How RFK’s legacy should allow us to measure progress beyond economics
March 18, 2018
by Jennifer Wallace, Head of Policy, Carnegie UK Trust
Each quarter the Gross Domestic Product (GDP) figures come out, signalling good or bad economic progress. But how many of us actually know what GDP stands for, let alone how the index is constructed? Could we really say whether 2.5% growth would be better for us than 1.5%?
Many people may have the opinion that there was a lack of social progress earlier in the month when the snow brought our productivity to a standstill. But do they consider the widespread community spirit and stories of admirable care and support for each other that it generated? In our lives, most of us value the quality of our relationships, our health and happiness at least as much as the pound in our pocket. And yet, over half a century, we have allowed GDP to become the most important indicator of social progress.
Today we mark the 50th anniversary of Robert F. Kennedy’s historic speech on the subject at the University of Kansas. Speaking of Gross National Product, the United States’ primary measure of total economic activity at the time, Kennedy said:
‘[t]he gross national product does not allow for the health of our children, the quality of their education or the joy of their play. It does not include the beauty of our poetry or the strength of our marriages, the intelligence of our public debate or the integrity of our public officials. It measures neither our wit nor our courage, neither our wisdom nor our learning, neither our compassion nor our devotion to our country, it measures everything in short, except that which makes life worthwhile.’
Half a century on, the inadequacy of equating progress with production is largely accepted by policymakers. From the global Sustainable Development Goals, to new country-wide commitments to measuring wellbeing in places such as New Zealand, and the development of wellbeing agendas in individual regions and cities such as Santa Monica in the US, these frameworks not only attempt to measure what we treasure, but they also describe how people want to live their lives – and their hopes for future generations.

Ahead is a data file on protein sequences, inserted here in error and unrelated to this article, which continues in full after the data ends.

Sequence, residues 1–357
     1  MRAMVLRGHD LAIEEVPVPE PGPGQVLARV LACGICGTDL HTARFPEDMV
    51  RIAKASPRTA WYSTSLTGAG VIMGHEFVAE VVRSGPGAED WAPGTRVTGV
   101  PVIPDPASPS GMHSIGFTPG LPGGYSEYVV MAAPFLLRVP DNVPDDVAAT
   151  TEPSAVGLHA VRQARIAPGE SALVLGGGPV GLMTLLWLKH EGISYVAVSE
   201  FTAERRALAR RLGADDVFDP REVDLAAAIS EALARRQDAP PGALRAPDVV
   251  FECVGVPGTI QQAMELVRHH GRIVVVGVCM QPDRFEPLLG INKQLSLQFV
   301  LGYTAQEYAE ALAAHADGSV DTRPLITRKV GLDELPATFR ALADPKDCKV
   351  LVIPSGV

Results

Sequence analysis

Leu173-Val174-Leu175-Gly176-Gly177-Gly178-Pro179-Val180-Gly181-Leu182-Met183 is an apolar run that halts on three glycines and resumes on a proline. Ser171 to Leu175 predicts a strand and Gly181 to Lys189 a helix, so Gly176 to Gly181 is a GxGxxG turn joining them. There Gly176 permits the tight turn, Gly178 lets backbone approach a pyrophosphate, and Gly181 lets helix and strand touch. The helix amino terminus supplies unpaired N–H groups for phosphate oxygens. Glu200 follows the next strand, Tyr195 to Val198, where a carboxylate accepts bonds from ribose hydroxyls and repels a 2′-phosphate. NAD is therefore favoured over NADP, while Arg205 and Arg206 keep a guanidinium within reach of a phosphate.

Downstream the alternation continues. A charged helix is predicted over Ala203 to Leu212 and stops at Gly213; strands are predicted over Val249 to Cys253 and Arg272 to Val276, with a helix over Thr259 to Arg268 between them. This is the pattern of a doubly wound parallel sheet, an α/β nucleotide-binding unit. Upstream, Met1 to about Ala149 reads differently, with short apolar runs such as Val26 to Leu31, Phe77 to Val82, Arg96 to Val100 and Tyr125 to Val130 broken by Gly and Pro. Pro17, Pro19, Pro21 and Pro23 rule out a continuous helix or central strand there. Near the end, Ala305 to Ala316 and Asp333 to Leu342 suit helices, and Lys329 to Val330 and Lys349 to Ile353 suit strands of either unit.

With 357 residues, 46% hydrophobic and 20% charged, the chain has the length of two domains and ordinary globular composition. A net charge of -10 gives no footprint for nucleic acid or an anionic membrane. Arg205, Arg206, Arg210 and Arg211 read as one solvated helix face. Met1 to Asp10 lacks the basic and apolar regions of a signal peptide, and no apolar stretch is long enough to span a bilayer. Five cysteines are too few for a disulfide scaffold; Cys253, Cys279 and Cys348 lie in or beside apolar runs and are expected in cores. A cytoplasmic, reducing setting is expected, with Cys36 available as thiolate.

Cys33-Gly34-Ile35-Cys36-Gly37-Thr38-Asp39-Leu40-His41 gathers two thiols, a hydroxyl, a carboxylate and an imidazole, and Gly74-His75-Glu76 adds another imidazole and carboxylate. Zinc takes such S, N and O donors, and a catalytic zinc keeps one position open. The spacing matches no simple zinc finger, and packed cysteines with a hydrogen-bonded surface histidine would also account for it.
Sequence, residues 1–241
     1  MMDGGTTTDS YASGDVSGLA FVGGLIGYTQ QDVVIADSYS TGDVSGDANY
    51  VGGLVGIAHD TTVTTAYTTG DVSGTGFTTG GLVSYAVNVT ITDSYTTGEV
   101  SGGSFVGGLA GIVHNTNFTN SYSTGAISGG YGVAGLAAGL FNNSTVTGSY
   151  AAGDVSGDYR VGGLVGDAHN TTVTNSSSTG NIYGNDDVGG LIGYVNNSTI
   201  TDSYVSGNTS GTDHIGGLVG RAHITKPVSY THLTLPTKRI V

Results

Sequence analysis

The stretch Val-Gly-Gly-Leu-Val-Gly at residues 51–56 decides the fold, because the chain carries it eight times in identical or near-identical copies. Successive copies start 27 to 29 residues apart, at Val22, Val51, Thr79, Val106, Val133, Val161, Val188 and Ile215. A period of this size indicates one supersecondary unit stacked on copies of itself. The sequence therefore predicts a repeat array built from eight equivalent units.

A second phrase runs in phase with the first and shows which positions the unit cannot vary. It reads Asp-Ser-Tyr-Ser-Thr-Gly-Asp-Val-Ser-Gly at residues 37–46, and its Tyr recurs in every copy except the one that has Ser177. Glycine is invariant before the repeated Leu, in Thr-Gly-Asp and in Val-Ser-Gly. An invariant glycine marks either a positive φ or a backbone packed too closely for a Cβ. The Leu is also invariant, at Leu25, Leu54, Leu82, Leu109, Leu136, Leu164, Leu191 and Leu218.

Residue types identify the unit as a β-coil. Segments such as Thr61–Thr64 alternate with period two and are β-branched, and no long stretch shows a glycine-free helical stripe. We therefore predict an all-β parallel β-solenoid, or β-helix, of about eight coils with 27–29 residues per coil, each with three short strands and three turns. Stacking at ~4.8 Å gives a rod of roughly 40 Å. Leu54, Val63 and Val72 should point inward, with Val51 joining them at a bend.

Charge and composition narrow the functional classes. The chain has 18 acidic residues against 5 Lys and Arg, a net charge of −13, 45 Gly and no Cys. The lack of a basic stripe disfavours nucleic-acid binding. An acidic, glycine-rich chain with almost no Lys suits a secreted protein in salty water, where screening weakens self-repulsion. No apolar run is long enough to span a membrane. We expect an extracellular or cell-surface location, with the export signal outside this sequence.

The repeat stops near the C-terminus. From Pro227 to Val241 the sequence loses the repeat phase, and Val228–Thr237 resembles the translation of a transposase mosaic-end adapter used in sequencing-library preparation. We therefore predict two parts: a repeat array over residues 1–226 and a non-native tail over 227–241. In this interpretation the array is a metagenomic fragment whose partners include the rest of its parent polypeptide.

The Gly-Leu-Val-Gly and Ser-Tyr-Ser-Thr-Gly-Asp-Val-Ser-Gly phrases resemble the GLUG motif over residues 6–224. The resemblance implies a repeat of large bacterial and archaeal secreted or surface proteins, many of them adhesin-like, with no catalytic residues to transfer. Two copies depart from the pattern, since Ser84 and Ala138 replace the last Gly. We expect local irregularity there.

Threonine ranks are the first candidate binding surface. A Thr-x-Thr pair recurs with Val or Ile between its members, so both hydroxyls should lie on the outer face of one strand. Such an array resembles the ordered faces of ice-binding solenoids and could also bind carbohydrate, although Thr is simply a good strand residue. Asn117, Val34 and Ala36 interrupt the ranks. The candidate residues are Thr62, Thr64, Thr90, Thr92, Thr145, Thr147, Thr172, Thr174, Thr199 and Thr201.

However one of the most interesting approaches to measuring what matters is right on our doorstep. The Scottish Government has been measuring progress against a dashboard of indicators since 2007. Its formal name, the National Performance Framework, often obscures its importance in driving government policy away from a single issue, or economy first solutions, to supporting more joined up and preventative methods of working. Substantial policy shifts in justice and the early years have their roots in this more rounded picture of what it means to be a successful small country. Much can be said about the slow pace, with many indicators stubbornly resistant to change, but the intention and the measurement that supports it is clear.
Measuring the country’s wellbeing is only part of the story. Now that governments like our own are, as Robert F. Kennedy sought, increasingly going beyond economics to measure our prosperity, we need our policymakers to communicate what they mean by progress – to our elected members, civil society organisations, and to us, the general public. The Carnegie UK Trust has been actively involved in research and development on wellbeing in policy for almost a decade, including our work with the OECD which produced guidance on wellbeing frameworks for cities and regions.
Only when wellbeing frameworks are used as a tool to hold governments to account will we, as Kennedy envisioned, demand that the health of our children, the quality of their education, and their opportunities to play, to become part of the narrative of progress. The Scottish Government is due to publish its new framework, with a revised set of National Outcomes and indicators in the summer.
Our hope is that whatever these revised National Outcomes are, they will lessen our preoccupation with GDP and generate more conversations and a deeper understanding about what social progress truly is.
This blog was originally hosted by Scotland on Sunday in Another Voice on 18 March 2018.
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